Several new defendants including record executive Marion "Suge" Knight may be allowed into the wrongful-death lawsuit brought by the family of murdered rapper Notorious B.I.G., a federal judge tentati
Several new defendants including record executive Marion "Suge" Knight may be allowed into the wrongful-death lawsuit brought by the family of murdered rapper Notorious B.I.G., a federal judge tentatively ruled.
U.S. District Court Judge Florence-Marie Cooper ruled Friday the lawsuit could be amended because of newly discovered evidence. An earlier lawsuit ended in a mistrial in 2005.
Aside from Knight, the new defendants could include former police officer Rafael Perez and other current and former members of the Los Angeles Police Department.
B.I.G., whose given name was Christopher Wallace, was 24 when he was gunned down March 9, 1997, while leaving a music industry party at Los Angeles' Petersen Automotive Museum. The New York rapper was one of the country's most popular hip-hop artists, and theories have proliferated for years about who might have been behind his murder.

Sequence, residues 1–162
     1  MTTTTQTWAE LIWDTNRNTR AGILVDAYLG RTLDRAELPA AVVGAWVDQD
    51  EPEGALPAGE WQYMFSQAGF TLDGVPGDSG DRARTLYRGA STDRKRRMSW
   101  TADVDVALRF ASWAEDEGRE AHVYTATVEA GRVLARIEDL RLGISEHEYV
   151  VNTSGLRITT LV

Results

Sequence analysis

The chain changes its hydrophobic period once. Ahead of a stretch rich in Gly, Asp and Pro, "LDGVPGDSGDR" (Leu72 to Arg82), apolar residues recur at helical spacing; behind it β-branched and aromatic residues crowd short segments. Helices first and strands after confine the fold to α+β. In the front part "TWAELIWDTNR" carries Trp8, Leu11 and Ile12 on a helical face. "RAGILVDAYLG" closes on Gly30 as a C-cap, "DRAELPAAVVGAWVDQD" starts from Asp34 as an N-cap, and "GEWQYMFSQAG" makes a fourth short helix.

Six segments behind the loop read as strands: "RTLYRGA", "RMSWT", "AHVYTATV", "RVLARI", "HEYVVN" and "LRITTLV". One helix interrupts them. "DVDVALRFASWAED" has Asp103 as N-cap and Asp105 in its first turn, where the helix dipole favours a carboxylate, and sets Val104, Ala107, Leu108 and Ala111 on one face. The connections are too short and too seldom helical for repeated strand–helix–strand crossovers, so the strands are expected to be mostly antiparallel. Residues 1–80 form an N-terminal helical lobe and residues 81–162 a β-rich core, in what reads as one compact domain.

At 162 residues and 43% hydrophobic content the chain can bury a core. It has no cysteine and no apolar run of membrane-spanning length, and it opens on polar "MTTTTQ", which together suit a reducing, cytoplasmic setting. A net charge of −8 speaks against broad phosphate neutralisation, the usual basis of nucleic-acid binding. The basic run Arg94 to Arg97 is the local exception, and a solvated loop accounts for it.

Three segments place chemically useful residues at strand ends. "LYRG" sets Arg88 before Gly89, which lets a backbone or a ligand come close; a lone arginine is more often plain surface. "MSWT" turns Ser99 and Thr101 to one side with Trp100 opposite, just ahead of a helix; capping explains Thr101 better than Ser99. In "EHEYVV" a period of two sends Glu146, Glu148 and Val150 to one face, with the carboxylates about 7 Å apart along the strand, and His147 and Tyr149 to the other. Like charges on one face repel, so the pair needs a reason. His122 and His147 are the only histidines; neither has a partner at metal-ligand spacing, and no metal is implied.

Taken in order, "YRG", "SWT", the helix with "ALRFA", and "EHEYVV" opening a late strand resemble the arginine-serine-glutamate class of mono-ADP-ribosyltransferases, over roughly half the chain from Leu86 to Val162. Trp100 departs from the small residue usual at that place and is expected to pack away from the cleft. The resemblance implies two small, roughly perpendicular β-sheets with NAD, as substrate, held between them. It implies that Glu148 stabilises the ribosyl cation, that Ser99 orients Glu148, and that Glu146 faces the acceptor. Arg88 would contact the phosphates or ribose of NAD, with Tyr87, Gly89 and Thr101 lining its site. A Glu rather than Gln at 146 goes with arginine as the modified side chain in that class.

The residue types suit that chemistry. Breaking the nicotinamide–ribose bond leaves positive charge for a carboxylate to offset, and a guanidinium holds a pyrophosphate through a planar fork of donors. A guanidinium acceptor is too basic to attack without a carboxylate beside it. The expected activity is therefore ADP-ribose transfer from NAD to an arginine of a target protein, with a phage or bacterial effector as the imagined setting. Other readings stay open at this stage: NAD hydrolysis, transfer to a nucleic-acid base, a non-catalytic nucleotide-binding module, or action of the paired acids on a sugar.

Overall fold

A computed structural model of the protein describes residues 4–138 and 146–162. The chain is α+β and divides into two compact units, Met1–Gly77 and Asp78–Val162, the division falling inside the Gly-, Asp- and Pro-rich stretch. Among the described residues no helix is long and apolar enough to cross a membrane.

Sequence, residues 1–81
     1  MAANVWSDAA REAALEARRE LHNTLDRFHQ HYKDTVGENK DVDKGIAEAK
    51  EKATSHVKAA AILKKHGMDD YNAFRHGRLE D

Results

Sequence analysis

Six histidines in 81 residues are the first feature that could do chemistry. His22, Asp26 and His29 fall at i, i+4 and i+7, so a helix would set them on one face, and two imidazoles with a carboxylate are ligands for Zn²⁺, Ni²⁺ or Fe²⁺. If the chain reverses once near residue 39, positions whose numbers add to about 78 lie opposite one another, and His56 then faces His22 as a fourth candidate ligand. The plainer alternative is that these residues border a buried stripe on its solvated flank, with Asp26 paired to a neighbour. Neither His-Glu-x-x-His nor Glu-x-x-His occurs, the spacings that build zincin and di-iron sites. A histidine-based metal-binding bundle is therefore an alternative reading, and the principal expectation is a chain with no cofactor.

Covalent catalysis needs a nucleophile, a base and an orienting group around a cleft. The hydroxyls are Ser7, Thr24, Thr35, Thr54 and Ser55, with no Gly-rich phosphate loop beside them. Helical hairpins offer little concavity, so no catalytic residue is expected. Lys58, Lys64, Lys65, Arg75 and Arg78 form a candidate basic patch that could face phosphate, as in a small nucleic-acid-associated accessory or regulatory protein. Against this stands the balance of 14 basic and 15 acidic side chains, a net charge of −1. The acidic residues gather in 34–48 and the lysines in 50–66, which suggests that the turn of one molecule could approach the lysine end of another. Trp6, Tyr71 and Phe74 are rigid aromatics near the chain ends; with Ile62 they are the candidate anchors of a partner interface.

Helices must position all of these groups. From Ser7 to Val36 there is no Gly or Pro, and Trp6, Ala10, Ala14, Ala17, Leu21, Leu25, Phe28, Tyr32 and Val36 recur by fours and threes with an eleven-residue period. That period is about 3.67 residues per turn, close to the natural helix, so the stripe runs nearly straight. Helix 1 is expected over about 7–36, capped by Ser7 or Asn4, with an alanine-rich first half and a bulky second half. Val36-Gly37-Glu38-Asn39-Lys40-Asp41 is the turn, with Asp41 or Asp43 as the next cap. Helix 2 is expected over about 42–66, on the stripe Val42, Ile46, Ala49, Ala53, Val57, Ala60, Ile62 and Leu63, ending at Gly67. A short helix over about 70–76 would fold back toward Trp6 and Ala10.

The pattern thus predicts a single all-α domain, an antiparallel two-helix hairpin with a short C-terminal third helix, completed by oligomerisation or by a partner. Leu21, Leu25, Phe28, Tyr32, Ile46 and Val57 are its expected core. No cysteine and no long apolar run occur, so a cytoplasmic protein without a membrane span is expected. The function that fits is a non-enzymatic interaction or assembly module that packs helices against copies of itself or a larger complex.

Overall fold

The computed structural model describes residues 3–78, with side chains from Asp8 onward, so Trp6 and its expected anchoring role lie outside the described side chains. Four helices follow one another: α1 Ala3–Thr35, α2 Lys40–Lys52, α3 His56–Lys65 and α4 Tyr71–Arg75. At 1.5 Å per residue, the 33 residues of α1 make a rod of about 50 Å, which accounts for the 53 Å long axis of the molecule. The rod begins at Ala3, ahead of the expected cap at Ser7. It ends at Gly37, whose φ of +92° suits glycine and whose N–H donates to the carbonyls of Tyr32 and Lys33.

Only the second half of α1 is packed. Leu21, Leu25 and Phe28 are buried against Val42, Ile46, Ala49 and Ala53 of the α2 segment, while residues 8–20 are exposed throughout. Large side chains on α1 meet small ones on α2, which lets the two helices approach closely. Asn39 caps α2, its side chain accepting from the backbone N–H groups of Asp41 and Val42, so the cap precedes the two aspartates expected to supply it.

His family filed a wrongful death suit seeking damages from the city. It accuses the Los Angeles Police Department, and specifically Perez' former patrol partner, David Mack, of responsibility for Wallace's death. New evidence shows Perez was on duty the night of B.I.G.'s slaying and may have been at the scene, Cooper wrote.
Mack and Perez have both long denied any involvement in the killing.
Calls to Knight attorneys Laurence Strick and Daniel J. McCarthy were not immediately returned Monday.
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